Eli Lilly's annual reports show that from 2003 to 2007, the company's scientific executives were Steven Paul, MD, head of Lilly Research Labs and executive vice-president of science and technology; Alan Breier, MD, chief medical officer; and Thomas Verhoeven, PhD, vice-president of product research development. Bill Chin, MD, joined the company as vice-president of discovery research and clinical investigation in 2005.
Paul remains an expert in central nervous system (CNS) drug development and is currently CEO of Karuna Therapeutics in Boston, Massachusetts. His biographical note on the Karuna website states, "At Lilly he was responsible for the company's overall research and development efforts and helped oversee the development of CNS drugs such as Zyprexa."
Medscape Medical News requested an interview with Paul through his Karuna office. He responded through public relations representative Jenn Gordon: "Despite a deep respect for Medscape and desire to help out, Dr Paul needs to decline this interview opportunity. He was involved in the development of Zyprexa for psychosis / schizophrenia, not CINV, so does not feel he is the right person for you to speak to for this particular story."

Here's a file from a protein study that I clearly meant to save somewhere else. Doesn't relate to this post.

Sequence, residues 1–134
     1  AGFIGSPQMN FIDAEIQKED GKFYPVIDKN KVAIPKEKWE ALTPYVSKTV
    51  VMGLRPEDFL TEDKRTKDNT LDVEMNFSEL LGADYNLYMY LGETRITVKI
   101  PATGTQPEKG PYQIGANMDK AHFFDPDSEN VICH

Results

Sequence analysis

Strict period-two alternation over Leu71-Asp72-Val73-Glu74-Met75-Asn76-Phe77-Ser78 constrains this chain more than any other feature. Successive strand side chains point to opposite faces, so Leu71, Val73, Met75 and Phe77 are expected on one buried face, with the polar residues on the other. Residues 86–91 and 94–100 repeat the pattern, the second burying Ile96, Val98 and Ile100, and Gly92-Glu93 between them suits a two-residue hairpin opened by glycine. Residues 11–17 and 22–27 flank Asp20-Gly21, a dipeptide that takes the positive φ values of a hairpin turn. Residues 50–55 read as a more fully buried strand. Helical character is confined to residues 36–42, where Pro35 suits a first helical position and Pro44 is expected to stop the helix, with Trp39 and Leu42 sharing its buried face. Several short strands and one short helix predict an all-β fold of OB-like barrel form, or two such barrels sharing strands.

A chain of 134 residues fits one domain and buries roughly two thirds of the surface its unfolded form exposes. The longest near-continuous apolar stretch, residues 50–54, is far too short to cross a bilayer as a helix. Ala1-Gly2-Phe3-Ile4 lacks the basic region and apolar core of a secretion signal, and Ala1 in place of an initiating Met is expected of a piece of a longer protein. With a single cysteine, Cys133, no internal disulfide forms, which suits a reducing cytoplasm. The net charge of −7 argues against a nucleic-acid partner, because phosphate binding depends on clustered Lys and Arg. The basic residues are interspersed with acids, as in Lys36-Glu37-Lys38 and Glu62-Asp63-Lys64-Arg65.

Medcape Medical News also approached Breier, who holds several senior positions at Indiana University School of Medicine, including vice-chair for clinical research, and Verhoeven, currently President's Fellow for pharmaceuticals development and partnerships, Purdue University, West Lafayette, Indiana. Neither responded to repeated requests for an interview.
Chin, now professor emeritus of Harvard Medical School and executive vice-president of frequency therapeutics, responded by email: "While I was head of Research at Lilly for many years, the ones involved in the development of olanzapine were not among them. So I'm afraid I can't help."
Pharmaceutical companies are, of course, under no obligation to develop an existing product for a new indication, however worthy it may seem.